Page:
The choral music of Peter Warlock (Philip Heseltine) is much less well known than his songs, which is odd in that it is stylistically consistent with them. Perhaps the rather strange religious content of some of them, coming from a self-professed atheist with all the occult inclinations suggested by his pseudonym, was a stumbling block, but perhaps the time is ripe for a rediscovery. In any event, there are some wonderful short pieces here, and the young English choir the Carice Singers, named for Edward Elgar's daughter of all people, showcases them to best effect. Influences include Warlock's prime mover Delius, late Renaissance choral music, including Carlo Gesualdo, and the chromatic harmonists of the early 20th century, who may be present to a greater or lesser degree. There are a few clinkers, as Warlock himself acknowledged, but many of these songs are compact masterpieces with unique, piquant flavors. The selection of texts (which ought to have been included in the booklet despite the singers' clear diction) reflects Warlock's idiosyncratic preferences. Novelties include a song in the Cornish language (track 21) and the partly wordless Corpus Christi (track 13), but really all of the music is a novelty; Warlock was a composer of his time, but he does not fit into Impressionism, Pastoralism, atonal music, or any other box. A beautifully performed find for Warlock fans.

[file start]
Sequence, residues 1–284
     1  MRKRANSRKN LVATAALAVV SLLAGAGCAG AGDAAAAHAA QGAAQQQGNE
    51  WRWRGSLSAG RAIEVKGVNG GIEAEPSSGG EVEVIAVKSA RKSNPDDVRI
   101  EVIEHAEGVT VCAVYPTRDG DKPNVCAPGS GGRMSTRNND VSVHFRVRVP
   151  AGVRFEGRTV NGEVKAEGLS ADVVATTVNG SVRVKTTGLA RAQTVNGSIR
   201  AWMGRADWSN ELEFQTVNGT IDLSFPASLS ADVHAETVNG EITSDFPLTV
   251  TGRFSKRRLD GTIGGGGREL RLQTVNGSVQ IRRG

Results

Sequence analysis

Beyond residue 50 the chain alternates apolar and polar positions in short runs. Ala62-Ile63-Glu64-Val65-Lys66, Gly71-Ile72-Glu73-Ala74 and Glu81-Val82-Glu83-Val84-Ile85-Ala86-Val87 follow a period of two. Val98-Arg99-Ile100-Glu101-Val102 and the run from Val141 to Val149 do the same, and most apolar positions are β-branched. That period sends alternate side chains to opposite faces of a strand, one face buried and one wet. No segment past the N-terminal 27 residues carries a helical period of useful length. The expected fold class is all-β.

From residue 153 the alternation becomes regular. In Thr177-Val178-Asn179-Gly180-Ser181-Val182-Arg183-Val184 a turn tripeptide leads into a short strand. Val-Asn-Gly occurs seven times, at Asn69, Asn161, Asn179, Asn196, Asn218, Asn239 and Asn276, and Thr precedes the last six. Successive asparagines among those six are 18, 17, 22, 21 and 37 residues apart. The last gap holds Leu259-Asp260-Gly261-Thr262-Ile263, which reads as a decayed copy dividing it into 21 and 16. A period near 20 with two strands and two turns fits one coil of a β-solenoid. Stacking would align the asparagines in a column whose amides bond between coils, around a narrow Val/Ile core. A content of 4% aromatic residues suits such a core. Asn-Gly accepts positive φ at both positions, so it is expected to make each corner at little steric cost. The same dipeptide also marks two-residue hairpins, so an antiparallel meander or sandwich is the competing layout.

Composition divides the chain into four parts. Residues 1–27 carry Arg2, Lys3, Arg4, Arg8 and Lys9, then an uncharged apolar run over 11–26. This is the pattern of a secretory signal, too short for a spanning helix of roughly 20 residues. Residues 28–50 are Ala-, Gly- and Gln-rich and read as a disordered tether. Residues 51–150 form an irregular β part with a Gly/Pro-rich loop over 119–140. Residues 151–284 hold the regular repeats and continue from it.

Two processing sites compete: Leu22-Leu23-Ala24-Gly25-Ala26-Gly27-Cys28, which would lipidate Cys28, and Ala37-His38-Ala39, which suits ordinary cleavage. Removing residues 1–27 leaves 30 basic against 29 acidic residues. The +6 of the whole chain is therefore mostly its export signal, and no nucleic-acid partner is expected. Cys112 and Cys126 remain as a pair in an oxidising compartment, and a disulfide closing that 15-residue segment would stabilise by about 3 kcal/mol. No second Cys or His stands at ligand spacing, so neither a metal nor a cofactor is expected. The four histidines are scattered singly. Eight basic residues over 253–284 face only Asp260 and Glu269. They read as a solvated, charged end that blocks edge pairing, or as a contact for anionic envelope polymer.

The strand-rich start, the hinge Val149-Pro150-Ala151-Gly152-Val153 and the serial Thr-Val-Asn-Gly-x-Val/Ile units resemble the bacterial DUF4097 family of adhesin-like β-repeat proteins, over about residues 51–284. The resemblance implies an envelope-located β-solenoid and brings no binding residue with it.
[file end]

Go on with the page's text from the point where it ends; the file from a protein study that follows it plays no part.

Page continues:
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AllMusic Review by James Manheim
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